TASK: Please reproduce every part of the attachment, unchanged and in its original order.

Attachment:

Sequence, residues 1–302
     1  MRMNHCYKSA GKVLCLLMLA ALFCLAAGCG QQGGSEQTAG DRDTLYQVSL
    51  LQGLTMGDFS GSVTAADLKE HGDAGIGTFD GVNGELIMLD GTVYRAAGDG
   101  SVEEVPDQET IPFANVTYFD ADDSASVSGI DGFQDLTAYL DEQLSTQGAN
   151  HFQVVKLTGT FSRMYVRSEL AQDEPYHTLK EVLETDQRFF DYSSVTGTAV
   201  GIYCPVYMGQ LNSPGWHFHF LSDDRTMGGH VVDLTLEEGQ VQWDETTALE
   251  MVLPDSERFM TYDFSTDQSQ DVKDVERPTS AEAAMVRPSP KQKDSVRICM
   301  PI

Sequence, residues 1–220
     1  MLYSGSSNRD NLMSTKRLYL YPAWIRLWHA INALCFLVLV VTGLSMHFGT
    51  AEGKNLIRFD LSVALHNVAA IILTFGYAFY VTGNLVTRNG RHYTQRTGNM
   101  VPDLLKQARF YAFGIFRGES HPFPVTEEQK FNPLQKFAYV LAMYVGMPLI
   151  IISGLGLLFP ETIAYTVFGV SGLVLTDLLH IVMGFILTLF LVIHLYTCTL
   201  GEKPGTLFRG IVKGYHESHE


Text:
Sequence, residues 1–302
     1  MRMNHCYKSA GKVLCLLMLA ALFCLAAGCG QQGGSEQTAG DRDTLYQVSL
    51  LQGLTMGDFS GSVTAADLKE HGDAGIGTFD GVNGELIMLD GTVYRAAGDG
   101  SVEEVPDQET IPFANVTYFD ADDSASVSGI DGFQDLTAYL DEQLSTQGAN
   151  HFQVVKLTGT FSRMYVRSEL AQDEPYHTLK EVLETDQRFF DYSSVTGTAV
   201  GIYCPVYMGQ LNSPGWHFHF LSDDRTMGGH VVDLTLEEGQ VQWDETTALE
   251  MVLPDSERFM TYDFSTDQSQ DVKDVERPTS AEAAMVRPSP KQKDSVRICM
   301  PI

Sequence, residues 1–220
     1  MLYSGSSNRD NLMSTKRLYL YPAWIRLWHA INALCFLVLV VTGLSMHFGT
    51  AEGKNLIRFD LSVALHNVAA IILTFGYAFY VTGNLVTRNG RHYTQRTGNM
   101  VPDLLKQARF YAFGIFRGES HPFPVTEEQK FNPLQKFAYV LAMYVGMPLI
   151  IISGLGLLFP ETIAYTVFGV SGLVLTDLLH IVMGFILTLF LVIHLYTCTL
   201  GEKPGTLFRG IVKGYHESHE